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Ex-Football Players Sue Early Onset Dementia Care

American style football is a brutal sport. Every single play sees bodies smashing together, sees someone getting either flung or dragged to the ground. Then they all get up and do it again, and again, and again. Even with helmets and padding there are injuries. Knees are blown out, shoulders are dislocated. Every game, even when there is not an injury that stops the game, is an assault on the muscles, joints and brains of nearly all the players (kickers get off easier, most of the time).

"Originally posted at Squarestate.net"

These are big guys, they train for this and they do it by choice. Still the cumulative affect of playing college then professional football is such that the average age where players retire is 35 years old. That’s it, buy the time they are less than half way to the average life expectancy for their generation, they are in such damaged condition they can no longer pursue playing football as a career.

If the damage stopped when they stopped playing it might not be so bad. Unfortunately it does not always happen that way. Things that you can live with when you are in your twenties and early thirties become more serious as you age. This is particularly true with brain trauma. What starts as headaches and short-term memory problems can turn into early onset dementia.

The New York Times has had a couple of articles on this issue; you can read the first here and the second here. The issue of dementia is a big one, as people with dementia nearly universally have to have some kind of assisted living care. As people lose their cognitive functions they lose the ability to be easily reasoned with. Where you can tell someone that the street out front has a 45 mile an hour speed limit and they would understand that they will have to be careful near it, a person with dementia will not make that jump or understand or may forget that you told them altogether.

Assisted living can be very expensive, depending on the needs of the patient. It is for this reason that there have been suits filed in California under their workers compensation law asking that the N.F.L (actually their insurers) pay the cost for retired players who are developing early onset dementia.

The reason that the cases are being filed in California is that the Workers Compensation laws there allow for people who were from out of state but worked in California to file in that system. California is also one of few states that recognize cumulative injuries as a cause for workers compensation claims and allows filings by professional athletes.

The test case to determine if the N.F.L.’s insurers will be in the hook for this kind of long term care is making its way through the California courts. Ralph Wenzel played football as a line man for 7 years in the late ‘60’s and early ‘70’s. Today he can not communicate and must live in assisted living. He is lucky in the fact that his wife has excellent insurance and they are part of the a group called Plan88, a kind of mutual insurance that pays up to $88,000 a year for care of dementia in ex-players.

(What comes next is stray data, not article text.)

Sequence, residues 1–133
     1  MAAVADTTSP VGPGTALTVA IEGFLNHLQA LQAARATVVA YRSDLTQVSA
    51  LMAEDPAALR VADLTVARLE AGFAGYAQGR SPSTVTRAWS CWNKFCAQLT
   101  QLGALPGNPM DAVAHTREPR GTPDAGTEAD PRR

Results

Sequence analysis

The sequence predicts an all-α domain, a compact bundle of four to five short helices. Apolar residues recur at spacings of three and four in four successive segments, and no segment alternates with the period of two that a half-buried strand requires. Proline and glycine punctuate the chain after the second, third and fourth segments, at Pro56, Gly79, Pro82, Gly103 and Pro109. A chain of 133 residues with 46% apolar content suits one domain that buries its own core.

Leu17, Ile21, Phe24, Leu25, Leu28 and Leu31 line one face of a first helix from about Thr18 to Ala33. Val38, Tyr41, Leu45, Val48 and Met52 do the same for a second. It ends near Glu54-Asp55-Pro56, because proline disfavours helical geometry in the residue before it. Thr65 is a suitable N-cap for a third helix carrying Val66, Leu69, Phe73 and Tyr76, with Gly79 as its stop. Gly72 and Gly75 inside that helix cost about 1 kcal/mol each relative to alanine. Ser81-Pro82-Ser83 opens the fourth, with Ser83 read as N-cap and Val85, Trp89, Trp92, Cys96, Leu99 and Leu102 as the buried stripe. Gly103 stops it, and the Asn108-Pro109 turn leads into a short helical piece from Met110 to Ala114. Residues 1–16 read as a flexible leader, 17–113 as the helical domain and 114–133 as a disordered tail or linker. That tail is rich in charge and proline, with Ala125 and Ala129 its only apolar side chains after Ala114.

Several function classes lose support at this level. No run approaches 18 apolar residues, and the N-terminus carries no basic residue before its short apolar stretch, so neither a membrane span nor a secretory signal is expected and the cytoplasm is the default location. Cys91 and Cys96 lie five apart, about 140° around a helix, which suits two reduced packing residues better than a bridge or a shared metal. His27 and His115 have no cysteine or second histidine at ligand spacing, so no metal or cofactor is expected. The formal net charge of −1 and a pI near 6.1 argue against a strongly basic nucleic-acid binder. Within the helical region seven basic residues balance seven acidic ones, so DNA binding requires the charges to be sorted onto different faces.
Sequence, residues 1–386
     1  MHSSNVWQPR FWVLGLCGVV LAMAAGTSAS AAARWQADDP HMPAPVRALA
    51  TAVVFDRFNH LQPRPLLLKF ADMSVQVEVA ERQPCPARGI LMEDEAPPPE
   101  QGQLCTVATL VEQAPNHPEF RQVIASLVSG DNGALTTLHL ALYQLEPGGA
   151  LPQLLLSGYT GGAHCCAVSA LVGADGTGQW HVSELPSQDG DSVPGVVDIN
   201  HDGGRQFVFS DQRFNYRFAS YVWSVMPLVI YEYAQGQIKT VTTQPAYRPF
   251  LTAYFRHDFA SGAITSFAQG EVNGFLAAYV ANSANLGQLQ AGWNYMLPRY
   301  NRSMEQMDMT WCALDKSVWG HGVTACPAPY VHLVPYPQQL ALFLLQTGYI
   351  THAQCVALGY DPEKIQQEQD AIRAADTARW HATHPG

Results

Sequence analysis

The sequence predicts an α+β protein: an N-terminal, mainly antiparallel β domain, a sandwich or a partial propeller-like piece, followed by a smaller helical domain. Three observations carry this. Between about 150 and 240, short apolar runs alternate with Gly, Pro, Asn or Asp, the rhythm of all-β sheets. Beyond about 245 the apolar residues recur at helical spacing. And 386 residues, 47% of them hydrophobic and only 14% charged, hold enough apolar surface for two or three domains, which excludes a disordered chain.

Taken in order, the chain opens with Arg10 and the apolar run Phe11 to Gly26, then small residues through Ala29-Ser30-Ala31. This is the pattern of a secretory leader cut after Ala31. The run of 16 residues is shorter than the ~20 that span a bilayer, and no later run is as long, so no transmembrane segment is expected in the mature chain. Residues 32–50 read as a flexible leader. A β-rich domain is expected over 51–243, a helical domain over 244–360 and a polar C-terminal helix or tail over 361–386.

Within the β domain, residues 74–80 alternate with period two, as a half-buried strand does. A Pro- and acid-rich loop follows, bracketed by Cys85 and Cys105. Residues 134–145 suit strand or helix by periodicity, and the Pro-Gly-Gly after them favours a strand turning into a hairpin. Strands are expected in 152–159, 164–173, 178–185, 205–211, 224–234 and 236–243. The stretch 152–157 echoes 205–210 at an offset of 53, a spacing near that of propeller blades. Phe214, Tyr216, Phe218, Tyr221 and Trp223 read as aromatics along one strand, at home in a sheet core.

While Mr. Wenzel is lucky (if you can call someone who has very little memory or understanding of where he is and can not communicate lucky) but his not really that common a case. Many players who are forced to retire because of injuries eventually file for workers compensation. The problem comes in that they have a choice, life time medical care and a small amount of money or a large lump sum of money in exchange for releasing the team and its insurers from any future liability for their injuries.

It should seem like a no brainer, if you get a company to agree that you are owed care for your injuries, like brain trauma, for the rest of your life at no cost to you, well that is what you should take. However, the lure of a quarter million or so dollars (the average settlement amount) tax free seems to be too much for many of the players. Approximately 75% of the players who file for workers comp take a settlement are release the insurance companies from liability.

This money now point of view is problematic. While players can make very good money while they are playing, they are not all good with managing it or planning for the time when they can not play football anymore. For those who have not been able to find high paying work after leaving the N.F.L. the idea of a quarter million right away seems like the right decision, when compared to the possible need for expensive health care some time in the future.

This whole issue points out the inequities of the current state in professional sports. While some players do become multi millionaires most do not. The N.F.L as had operating revenues of 1.01 billion dollars last year. The cost of caring for the players who make that possible is negligible compared to that. Yet the N.F.L. and its insurers are trying to avoid these types of claims.

As we find more and more direct links to early onset dementia and the kind of repetitive head injuries that are common amongst players the need to address the problem going forward and for past players will only grow. Hopefully the courts in California will find that this is the responsibility of the teams to cover and that the players will not trade away their long term care for short term cash.

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Bill Egnor

Bill Egnor

I am a life long Democrat from a political family. Work wise I am a Six Sigma Black Belt (process improvement project manager) and Freelance reporter for Govtrak.org

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